Ear Health Breakdown: Why music lovers should protect their ears
"If you need ear plugs you should stay at home!"
"I love getting to the front so I can be right next to the speaker!"
"Ear plugs? It’s not loud enough!"
To the true music lover, these phrases should make no sense. At loud volumes, music is not only completely distorted, but also causes irreversible hearing damage.
If you call yourself a music fan, overexposure to loud sound is akin to a runner breaking their own legs: Completely self-defeating and pointless.
In Western society, 20 percent of people are affected by some form of hearing damage. This goes up to 30 percent with teenagers and increases even more among music fans. We have invited EarPeace to explain exactly what hearing damage is, and how to prevent it. Trust us... if you follow their advice, your music-loving soul will be forever grateful!
What are the types of hearing damage:
Tinnitus - A sensation of noise (such as a ringing or roaring) that is caused by a bodily condition (usually a disturbance of the auditory nerve or wax in the ear) and typically is of the subjective form. In other words, you will start hearing ringing, hissing and buzzing that no one else can hear. Tinnitus is extremely common among DJs, musicians and regular concert-goers.
Sensorineural Hearing Loss - Damage to the hair cells in the cochlea (this is the sensory hearing organ) or damage to the neural pathways of hearing (nerves). Sensorineural hearing loss essentially means going deaf, commonly caused by overexposure to loud noise.
How does it happen:
Scientists have devised a useful chart that links hearing damage to exposure at different volumes. As you can see, it only takes 30 minutes of exposure at over 100dB for damage to occur. Noise levels at the average show are between 90dB-105dB, with peaks of up to 120dB. All it takes is one bad sound engineer and your hearing will be scarred for life.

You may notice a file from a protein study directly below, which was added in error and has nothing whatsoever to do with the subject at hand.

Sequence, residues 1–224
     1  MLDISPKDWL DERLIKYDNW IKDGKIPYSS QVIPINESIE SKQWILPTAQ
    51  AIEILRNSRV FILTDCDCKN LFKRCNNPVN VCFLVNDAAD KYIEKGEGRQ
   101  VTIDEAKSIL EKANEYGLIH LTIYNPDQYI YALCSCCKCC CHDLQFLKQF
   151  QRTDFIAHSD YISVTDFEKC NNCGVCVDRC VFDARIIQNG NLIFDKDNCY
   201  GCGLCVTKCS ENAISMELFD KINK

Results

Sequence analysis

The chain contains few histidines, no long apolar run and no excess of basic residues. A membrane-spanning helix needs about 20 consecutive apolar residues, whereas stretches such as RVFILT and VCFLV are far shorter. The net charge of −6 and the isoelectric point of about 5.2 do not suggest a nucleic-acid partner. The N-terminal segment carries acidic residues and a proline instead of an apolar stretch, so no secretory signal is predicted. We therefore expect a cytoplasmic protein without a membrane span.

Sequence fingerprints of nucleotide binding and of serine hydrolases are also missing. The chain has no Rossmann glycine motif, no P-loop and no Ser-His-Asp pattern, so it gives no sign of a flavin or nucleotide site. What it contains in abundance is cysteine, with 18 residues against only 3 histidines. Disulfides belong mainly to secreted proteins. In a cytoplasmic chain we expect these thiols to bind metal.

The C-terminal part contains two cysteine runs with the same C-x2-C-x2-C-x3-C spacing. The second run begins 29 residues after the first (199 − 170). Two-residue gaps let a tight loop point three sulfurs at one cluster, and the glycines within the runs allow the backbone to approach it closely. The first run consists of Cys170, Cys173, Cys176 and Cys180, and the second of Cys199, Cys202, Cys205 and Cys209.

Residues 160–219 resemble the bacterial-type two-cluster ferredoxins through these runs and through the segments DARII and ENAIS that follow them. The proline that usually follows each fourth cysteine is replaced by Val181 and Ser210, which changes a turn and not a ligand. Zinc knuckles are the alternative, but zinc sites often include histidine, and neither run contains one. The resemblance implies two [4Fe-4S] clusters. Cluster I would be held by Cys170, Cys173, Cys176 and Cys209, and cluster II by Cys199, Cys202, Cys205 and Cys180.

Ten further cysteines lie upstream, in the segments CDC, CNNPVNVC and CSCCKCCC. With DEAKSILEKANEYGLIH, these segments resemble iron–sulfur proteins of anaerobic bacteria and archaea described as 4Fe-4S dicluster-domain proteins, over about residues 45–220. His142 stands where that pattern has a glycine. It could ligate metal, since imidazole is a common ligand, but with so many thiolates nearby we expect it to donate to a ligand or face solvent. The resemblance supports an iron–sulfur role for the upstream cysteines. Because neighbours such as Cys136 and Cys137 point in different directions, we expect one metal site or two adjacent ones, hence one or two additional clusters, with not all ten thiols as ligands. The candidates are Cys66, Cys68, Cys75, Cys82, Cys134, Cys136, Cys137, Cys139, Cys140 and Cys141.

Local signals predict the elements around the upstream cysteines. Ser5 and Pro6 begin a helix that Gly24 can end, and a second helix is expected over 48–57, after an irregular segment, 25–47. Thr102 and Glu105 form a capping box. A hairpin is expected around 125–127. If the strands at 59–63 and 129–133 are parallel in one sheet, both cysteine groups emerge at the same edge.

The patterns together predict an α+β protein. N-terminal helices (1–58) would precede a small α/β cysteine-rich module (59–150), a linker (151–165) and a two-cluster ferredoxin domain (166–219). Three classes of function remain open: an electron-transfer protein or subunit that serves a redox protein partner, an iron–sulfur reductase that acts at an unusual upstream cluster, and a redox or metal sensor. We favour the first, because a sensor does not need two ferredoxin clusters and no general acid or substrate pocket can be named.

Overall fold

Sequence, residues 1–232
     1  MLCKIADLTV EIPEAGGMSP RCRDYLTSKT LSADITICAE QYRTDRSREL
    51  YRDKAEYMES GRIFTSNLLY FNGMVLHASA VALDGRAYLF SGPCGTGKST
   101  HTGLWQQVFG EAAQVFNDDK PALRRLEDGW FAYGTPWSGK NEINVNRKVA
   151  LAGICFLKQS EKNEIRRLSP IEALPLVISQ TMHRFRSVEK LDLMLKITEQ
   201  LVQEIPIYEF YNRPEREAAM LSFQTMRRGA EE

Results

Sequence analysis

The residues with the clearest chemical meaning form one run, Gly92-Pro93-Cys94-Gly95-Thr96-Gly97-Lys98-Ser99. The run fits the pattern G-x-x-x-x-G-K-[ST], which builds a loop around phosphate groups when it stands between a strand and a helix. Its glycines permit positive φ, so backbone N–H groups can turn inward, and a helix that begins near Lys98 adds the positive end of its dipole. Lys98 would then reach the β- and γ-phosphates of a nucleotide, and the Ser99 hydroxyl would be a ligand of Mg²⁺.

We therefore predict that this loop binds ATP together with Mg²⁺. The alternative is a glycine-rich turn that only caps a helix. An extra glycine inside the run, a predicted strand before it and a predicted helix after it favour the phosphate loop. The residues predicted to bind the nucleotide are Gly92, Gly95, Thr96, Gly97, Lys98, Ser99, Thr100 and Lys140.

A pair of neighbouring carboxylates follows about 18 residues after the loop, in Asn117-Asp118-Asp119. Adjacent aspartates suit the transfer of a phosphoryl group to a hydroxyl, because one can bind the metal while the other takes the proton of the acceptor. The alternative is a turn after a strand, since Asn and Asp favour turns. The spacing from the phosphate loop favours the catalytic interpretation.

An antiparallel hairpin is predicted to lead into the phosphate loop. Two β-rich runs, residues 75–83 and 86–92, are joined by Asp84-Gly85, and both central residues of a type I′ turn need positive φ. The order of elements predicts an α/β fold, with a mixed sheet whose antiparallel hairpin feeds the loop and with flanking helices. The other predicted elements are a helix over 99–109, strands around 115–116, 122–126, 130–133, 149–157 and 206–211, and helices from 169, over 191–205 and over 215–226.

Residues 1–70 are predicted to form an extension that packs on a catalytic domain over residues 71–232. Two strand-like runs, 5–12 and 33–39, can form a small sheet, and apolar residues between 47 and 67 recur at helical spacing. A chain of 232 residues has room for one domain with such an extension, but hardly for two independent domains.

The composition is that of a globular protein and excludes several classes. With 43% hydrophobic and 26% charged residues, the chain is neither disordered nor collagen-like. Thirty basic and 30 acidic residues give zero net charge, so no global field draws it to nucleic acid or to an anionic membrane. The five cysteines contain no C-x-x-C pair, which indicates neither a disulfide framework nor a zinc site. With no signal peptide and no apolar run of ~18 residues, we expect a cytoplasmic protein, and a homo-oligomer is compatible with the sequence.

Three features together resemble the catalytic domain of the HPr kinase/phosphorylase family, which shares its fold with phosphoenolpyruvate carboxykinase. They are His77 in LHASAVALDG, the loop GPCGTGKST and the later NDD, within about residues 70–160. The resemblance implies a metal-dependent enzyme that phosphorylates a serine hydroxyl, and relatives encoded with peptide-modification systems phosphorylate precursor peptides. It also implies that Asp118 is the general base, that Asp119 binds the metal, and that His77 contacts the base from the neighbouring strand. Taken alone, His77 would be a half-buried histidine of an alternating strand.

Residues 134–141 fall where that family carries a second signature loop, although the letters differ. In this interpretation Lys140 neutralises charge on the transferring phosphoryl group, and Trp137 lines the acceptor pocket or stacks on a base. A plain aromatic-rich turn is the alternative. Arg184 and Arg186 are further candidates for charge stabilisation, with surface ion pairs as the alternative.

Regulations are in place to keep decibel levels down, however, music needs to be louder than the crowd for a show to be worthwhile. Drowning out 50,000 screaming fans in a stadium requires serious decibel levels. It really is up to you as the audience member to take the necessary precautions. If you play American football, you wouldn’t dream of entering the pitch without a helmet... so why leave your precious ears vulnerable when heading out for a night of raving?
How to prevent it:
UK organization AOHL recommends five useful steps to prevent hearing damage which they've cleverly compiled into their own handy "M.U.S.I.C." acronym.
Barring a freak accident, sticking to the advice above will be more than enough to keep your ears safe. Our hearing protection partner EarPeace agrees:
"We run a lot of stalls at festivals. Plenty of people stop by and say they wish we had been around earlier. This kind of advice just wasn’t there back in the day. When you see guys like Brian Johnson (AC DC), Zedd and Lil Louis who have all had damage so serious they either had to quit or came close to it, you realize this is no joke. Hearing damage tends to creep up over time rather than just appear. On top of this, hearing aids are far more expensive than quality hearing protection like ours. The rebel in us loves the idea of never having to wear a seatbelt… but the reality is that when a seatbelt is the only barrier between us and an early musical death, you really have to be a complete dumbass not to wear ear plugs."
So there you have it. If you love music, love your ears. There are no cures for either tinnitus or hearing loss. Imagine a life without music… sounds pretty horrible doesn't it?
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